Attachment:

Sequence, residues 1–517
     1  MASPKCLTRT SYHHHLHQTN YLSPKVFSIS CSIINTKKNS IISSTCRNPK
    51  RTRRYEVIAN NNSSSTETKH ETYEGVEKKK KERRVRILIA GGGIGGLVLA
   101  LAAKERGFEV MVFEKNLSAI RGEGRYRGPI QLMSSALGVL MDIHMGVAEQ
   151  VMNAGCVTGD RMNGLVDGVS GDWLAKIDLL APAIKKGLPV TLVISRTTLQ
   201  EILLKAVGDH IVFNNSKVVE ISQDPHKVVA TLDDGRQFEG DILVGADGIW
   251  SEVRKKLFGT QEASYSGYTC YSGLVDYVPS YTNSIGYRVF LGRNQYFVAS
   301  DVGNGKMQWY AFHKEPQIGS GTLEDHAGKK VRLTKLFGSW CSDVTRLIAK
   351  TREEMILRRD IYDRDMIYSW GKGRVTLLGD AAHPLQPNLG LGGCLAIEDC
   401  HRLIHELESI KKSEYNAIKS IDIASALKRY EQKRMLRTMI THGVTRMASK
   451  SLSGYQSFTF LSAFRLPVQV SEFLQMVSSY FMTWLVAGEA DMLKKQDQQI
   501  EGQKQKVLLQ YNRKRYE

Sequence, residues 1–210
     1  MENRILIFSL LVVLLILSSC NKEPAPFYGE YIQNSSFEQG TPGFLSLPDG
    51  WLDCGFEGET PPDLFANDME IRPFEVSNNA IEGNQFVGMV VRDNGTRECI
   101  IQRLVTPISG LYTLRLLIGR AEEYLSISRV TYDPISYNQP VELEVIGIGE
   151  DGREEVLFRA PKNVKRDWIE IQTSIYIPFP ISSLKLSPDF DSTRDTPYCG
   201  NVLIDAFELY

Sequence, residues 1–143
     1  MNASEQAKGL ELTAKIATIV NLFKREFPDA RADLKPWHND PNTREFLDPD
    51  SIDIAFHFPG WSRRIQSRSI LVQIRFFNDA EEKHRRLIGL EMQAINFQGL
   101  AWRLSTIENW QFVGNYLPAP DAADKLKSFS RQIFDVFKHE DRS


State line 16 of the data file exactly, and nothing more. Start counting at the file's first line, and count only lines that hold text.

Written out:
   101  IQRLVTPISG LYTLRLLIGR AEEYLSISRV TYDPISYNQP VELEVIGIGE